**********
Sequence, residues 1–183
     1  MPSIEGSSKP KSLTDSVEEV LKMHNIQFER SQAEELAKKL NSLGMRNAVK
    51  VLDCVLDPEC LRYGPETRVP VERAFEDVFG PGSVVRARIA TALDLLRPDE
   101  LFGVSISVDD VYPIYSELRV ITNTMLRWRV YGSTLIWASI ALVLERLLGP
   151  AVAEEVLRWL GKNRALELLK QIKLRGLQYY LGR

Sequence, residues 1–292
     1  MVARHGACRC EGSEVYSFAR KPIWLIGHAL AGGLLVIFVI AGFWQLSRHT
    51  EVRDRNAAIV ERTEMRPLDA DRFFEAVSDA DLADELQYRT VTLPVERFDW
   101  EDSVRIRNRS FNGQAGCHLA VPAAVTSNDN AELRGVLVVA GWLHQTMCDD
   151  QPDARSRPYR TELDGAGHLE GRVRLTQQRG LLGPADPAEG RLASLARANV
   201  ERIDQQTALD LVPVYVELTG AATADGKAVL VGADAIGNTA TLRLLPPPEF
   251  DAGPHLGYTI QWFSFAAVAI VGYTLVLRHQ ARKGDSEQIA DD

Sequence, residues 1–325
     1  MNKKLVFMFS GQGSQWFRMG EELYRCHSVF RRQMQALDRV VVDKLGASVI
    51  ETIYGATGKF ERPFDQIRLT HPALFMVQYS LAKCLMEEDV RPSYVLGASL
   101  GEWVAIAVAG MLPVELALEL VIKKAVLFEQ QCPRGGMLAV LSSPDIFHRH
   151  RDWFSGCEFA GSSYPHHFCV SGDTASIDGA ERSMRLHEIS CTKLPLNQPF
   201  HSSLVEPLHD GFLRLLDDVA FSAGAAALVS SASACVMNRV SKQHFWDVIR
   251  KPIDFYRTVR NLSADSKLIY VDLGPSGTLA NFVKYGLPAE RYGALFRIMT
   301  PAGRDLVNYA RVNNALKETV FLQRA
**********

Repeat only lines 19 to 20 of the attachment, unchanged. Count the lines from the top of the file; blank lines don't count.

   251  KPIDFYRTVR NLSADSKLIY VDLGPSGTLA NFVKYGLPAE RYGALFRIMT
   301  PAGRDLVNYA RVNNALKETV FLQRA